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The most important principle of security is that it is a process that requires continuous risk assessments, the evaluation of existing mitigation, and the discovery and eradication of newly found vulnerabilities. In other words, what may be secure one day may not be secure a day, a week, or a month later because of new vulnerabilities or improved terrorist abilities.
To initiate and maintain the process of continuous security improvement, the federal government intends to encourage market solutions wherever possible and to compensate for market failure with focused government intervention. In addition, the government will serve as a facilitator of meaningful information sharing and work to foster international cooperation. The federal government has the capacity to organize, convene, and coordinate broadly across governmental levels to:
Take inventory of the most critical facilities, systems, and functions and monitor their preparedness across economic sectors and governmental jurisdictions.
Assure that federal, state, local, and private entities work together to protect critical facilities, systems, and functions that face an imminent threat or whose loss could have significant national consequences.
Provide and coordinate national-level threat information, assessments, and warnings that are timely, actionable, and relevant to state, local, and private-sector partners.
Create and implement comprehensive, multitiered protection policies and programs.
Explore potential options for enablers and incentives to encourage stakeholders to devise solutions to their unique protection impediments.
Develop cross-sector and cross-jurisdictional protection standards, guidelines, criteria, and protocols.
Facilitate the sharing of critical-infrastructure and key asset-protection best practices and processes and vulnerability-assessment methodologies.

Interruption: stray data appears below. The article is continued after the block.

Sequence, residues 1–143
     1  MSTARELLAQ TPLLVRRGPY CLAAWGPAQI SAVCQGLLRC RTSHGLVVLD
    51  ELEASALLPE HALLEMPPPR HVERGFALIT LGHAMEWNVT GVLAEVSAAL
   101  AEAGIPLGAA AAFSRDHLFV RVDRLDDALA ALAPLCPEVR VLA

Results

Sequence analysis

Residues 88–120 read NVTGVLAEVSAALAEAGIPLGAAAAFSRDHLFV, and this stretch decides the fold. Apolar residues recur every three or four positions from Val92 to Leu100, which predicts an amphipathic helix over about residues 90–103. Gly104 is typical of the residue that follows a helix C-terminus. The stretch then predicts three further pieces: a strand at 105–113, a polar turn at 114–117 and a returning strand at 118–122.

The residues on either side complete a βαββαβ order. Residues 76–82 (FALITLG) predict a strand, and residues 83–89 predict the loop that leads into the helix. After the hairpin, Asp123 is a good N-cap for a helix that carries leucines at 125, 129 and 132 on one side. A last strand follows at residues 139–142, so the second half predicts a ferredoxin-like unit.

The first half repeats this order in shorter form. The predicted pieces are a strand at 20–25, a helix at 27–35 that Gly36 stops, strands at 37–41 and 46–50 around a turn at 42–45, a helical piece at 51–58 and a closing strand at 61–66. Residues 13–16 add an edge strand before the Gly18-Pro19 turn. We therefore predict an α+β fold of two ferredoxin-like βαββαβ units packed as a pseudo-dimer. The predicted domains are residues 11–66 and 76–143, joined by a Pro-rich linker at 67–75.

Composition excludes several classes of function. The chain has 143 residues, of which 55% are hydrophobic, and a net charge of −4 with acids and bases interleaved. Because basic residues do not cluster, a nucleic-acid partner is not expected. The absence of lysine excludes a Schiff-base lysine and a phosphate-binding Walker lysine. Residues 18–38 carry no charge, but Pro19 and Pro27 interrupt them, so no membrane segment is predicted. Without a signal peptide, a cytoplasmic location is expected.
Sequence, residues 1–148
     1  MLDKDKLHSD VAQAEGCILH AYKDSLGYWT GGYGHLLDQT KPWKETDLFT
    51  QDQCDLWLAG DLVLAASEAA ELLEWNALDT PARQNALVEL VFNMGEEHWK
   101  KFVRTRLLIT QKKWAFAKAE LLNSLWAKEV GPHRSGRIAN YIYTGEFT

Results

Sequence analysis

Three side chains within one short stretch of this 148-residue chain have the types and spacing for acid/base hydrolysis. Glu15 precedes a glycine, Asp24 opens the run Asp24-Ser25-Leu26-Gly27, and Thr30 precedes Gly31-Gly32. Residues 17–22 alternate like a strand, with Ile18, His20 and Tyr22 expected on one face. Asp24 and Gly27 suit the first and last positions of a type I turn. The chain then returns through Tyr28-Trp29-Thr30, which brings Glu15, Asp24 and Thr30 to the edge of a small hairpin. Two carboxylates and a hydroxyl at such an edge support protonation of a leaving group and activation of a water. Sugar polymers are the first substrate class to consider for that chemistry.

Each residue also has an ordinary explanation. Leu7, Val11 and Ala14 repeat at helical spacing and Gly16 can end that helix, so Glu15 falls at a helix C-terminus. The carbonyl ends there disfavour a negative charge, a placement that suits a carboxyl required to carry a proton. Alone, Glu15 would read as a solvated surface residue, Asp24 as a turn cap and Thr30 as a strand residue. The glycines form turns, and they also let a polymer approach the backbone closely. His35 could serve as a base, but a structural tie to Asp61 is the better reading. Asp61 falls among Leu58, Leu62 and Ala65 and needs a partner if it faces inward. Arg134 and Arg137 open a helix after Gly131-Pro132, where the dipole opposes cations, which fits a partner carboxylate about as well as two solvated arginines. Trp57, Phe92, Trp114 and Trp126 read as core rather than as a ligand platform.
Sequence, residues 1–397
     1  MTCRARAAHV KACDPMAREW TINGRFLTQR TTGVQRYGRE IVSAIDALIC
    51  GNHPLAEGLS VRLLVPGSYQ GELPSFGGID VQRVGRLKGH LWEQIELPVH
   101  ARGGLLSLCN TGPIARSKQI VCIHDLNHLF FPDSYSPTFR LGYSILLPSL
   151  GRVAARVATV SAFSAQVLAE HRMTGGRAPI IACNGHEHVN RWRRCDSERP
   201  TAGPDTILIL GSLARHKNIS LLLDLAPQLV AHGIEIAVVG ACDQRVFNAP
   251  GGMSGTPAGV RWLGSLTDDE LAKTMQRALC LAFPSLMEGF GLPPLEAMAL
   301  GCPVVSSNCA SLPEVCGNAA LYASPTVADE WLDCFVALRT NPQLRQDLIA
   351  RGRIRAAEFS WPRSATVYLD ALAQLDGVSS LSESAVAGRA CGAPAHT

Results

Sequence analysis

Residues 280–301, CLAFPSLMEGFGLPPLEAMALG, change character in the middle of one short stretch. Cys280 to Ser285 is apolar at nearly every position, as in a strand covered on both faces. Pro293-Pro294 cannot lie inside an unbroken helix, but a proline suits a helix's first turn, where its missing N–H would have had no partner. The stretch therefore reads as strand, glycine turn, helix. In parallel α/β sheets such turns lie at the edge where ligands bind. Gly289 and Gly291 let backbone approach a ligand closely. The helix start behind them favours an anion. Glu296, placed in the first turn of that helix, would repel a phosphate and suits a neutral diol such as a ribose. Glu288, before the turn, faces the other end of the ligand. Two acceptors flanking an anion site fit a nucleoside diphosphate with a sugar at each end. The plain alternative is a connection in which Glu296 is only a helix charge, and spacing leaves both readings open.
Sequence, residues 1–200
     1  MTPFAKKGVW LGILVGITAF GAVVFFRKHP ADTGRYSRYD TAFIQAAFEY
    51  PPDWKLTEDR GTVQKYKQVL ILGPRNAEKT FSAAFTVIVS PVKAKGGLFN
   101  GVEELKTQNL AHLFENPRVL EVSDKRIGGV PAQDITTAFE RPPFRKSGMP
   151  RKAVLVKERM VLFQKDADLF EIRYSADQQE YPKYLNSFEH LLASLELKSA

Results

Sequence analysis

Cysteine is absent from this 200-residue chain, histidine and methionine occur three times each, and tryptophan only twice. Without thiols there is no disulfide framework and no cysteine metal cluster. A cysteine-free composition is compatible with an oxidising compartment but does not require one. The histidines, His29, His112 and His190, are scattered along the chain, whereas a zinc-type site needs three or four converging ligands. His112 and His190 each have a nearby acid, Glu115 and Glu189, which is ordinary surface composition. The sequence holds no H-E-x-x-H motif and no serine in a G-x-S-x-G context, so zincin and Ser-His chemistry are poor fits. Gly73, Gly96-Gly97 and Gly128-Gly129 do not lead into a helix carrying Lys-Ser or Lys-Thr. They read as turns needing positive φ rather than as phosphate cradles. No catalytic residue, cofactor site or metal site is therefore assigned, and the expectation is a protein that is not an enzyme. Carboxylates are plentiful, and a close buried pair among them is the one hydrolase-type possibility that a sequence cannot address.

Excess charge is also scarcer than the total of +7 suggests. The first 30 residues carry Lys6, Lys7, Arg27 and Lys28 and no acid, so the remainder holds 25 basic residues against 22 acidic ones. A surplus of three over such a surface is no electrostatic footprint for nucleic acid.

Conduct demonstration projects and pilot programs.
Seed the development and transfer of advanced technologies, while taking advantage of private-sector expertise and competencies.
Promote national-level critical-infrastructure and key asset-protection education and awareness.
Improve the federal government's ability to work with state and local responders and service providers.
The high-priority cross-sector security initiatives are designed to address planning and resource allocation; information sharing and indications and warnings; personnel surety; building human capital and awareness; technology and research and development; and modeling, simulation, and analysis. The National Strategy for the Physical Protection of Critical Infrastructures and Key Assets clearly states that in the planning and resource allocation process it is incumbent on federal, state, and local governments and private-sector stakeholders to work together to:
Define clearly their critical-infrastructure and key asset-protection objectives.
Develop a business case for action to justify increased security investments.
Establish security baselines, standards, and guidelines.
Identify potential incentives for security-related activities where they do not naturally exist in the marketplace.
DHS has been charged with creating collaborative mechanisms for public- and private-sector critical-infrastructure and key asset-protection planning. One of the first steps in this process is to identify key protection priorities and develop mechanisms to support these priorities. This will be accomplished in part by a supposed sharing of risk-management expertise between the public and private sectors and the coordination and consolidation of federal and state protection plans. Other activities that DHS will supposedly accomplish to facilitate the process of improving homeland security include the following:
Identifying options for incentives for private organizations that proactively implement enhanced security measures
Developing an integrated critical-infrastructure and key asset-geospatial database
Establishing a task force to review legal impediments to reconstitution and recovery following an attack against a critical infrastructure or key asset
Conducting critical-infrastructure protection planning with international partners
Identifying requirements and developing appropriate programs to protect critical personnel
Coordinating the development of national standards for personnel surety
Developing a certification program for background-screening companies
Exploring the establishment of a model security training program for private security officers
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